Leader Blues

Friday, March 28, 2008

TOP STORY > > Funding for Sherwood corridor

By RICK KRON
Leader staff writer

Part of the $4 million in federal funds to buy property for the proposed North Belt will be used to buy needed land near Hwy. 107 and Brockington Road.

Randy Ort, a spokesman with the state Highway Department, said the money would be used to preserve the corridor for the North Belt in those areas that are being threatened by development.

Hwy. 107 and Brockington Road are one of those areas. Sherwood is holding off approving plans for development in that area until the federal government purchases what it needs for the North Belt, Ort explained.

A similar situation occurred back in 1994 when Sherwood development was approved through the area of the proposed bypass. Ort said the Highway Department was at the point of getting the project onto Metroplan’s transportation im-provement program list back then when the development occurred setting everything back 14 years.

The project is now on Metroplan’s TIP list and that allows us to go out and purchase areas that we need to protect the route, Ort said.

Metroplan, along with Sherwood has checked off on the proposed route for the 12.3-mile leg that will carry the bypass from Highway 67/167 westward along Kellogg Creek, over Highway 107 near Brockington to I-40 near Crystal Hill.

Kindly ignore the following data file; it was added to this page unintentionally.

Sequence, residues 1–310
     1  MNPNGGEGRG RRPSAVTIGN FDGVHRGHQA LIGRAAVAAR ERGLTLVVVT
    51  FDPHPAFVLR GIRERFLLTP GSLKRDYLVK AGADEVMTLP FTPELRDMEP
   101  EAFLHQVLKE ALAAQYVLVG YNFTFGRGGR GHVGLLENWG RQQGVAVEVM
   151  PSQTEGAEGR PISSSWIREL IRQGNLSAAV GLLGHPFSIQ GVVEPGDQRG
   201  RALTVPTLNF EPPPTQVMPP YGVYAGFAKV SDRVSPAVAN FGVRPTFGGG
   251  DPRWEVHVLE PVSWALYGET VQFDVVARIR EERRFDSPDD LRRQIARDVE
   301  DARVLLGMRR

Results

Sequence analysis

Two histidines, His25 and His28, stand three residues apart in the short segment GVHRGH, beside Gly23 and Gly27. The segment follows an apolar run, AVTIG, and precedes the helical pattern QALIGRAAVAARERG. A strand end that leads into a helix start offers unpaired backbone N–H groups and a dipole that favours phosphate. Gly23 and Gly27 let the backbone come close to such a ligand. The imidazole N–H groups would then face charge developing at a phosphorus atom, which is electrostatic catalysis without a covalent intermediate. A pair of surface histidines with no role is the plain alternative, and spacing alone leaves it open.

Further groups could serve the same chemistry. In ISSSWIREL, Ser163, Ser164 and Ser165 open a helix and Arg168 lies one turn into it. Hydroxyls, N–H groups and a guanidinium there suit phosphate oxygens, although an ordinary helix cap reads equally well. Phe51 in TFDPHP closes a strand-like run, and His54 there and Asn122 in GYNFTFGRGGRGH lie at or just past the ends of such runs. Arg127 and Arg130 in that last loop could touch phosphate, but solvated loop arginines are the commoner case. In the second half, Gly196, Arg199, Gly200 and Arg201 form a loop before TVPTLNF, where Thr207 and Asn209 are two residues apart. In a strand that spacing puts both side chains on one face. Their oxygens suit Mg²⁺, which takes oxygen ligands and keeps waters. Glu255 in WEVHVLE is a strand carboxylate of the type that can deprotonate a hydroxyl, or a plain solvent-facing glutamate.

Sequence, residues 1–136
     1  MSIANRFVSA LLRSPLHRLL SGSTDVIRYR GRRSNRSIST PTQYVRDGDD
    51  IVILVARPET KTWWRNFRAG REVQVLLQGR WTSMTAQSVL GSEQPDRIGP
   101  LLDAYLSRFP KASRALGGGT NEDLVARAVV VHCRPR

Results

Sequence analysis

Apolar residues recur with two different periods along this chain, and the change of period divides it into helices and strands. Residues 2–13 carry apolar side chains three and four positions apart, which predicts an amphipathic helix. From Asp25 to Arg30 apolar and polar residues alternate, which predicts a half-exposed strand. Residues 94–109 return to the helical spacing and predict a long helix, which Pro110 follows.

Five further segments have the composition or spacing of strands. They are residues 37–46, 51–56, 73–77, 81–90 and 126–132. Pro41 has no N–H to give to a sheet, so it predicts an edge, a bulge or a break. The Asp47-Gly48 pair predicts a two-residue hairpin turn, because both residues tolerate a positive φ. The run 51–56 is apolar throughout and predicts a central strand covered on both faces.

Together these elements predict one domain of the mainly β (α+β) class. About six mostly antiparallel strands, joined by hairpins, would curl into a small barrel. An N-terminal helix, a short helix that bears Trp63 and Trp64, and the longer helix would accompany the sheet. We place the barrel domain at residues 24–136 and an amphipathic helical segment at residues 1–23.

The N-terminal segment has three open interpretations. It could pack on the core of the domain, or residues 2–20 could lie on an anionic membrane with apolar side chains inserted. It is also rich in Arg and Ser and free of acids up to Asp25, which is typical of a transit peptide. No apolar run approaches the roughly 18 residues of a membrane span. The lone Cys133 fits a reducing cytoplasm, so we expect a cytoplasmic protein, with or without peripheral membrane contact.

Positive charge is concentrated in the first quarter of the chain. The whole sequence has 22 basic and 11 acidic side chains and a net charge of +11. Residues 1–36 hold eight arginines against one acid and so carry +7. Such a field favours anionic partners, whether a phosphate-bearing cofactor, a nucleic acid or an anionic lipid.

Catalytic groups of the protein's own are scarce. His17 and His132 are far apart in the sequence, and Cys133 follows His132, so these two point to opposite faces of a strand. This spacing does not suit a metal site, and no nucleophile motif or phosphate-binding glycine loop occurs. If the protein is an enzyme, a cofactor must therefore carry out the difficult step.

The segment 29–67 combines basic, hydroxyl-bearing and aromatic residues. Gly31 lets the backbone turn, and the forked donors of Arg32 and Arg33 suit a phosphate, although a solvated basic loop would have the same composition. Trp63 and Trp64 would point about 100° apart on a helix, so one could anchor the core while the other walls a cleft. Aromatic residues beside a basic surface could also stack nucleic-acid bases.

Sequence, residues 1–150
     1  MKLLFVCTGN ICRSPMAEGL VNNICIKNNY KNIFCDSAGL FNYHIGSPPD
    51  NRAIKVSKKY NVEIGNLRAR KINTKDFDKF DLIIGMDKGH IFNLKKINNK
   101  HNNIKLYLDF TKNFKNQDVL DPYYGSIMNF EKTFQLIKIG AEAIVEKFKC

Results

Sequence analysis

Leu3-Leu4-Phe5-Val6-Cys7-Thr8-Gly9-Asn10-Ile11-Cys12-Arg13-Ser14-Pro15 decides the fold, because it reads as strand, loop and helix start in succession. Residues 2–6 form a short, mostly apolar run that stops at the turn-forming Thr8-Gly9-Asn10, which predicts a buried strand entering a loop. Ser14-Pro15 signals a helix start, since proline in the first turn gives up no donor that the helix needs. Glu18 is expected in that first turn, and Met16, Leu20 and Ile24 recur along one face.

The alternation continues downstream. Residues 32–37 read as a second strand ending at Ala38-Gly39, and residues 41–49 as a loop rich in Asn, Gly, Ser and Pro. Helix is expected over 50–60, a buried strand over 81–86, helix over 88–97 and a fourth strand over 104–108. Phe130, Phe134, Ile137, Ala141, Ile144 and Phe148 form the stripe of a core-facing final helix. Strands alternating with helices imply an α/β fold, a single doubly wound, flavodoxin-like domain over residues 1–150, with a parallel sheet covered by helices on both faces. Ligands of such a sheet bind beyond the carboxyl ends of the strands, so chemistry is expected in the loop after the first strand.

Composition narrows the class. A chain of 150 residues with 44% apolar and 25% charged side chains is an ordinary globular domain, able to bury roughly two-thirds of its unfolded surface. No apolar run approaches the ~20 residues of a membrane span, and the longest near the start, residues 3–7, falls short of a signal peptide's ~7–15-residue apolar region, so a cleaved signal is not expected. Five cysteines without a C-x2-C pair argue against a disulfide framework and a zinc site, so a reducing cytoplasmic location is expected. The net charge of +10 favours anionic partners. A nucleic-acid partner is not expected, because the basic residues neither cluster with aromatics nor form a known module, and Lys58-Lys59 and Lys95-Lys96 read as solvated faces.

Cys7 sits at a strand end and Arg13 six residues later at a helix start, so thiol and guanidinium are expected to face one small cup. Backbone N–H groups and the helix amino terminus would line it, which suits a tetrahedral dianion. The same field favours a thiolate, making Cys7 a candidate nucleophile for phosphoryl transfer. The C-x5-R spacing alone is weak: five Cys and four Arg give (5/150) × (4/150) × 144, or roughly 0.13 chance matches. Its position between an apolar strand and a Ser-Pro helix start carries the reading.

Jim McKenzie, with Metroplan, said with Sherwood making changes to its street use map to allow for the bypass, and the route being tweaked a little bit because of the lead mines just north of Sherwood, the project should start to move along. “We are expecting the Federal Highway Administration to sign off onthe route pretty quickly.” With that approval in sight, the state Highway Department has asked for $4 million in federal money to start buying the right-of-way that is “in danger of being developed” and that may prevent the highway from proceeding.

Ort said once the federal government signs off on the proposed route, which should be this summer, work can begin on the final design.

The Highway Department will hold hearings on the design so residents along the route will know where they stand.

The cost of construction of the second leg is estimated at $300 million, which does not include any money needed to acquire the land. The five-mile leg of the North Belt, stretching from I-40 and going northwesterly over Hwy. 161 to Hwy. 67/167, was completed about six years ago at a cost of $63 million.

Once the North Belt is extended westerly from Hwy. 67/167, then the Dupree family can proceed with its legacy plan—a large-scale development in the beanfield area of apartments, homes, shops and more.

Once the North Belt crosses Hwy. 107 then development in that area can start.

Sherwood Mayor Virginia Hill-man said highway officials and developers have worked out a plan that will limit the size of the proposed interchange in the area, and maximize the commercial potential.

Two major residential subdivisions and a 230,000-square-foot retail center are planned for the Hwy. 107/Brockington Road area.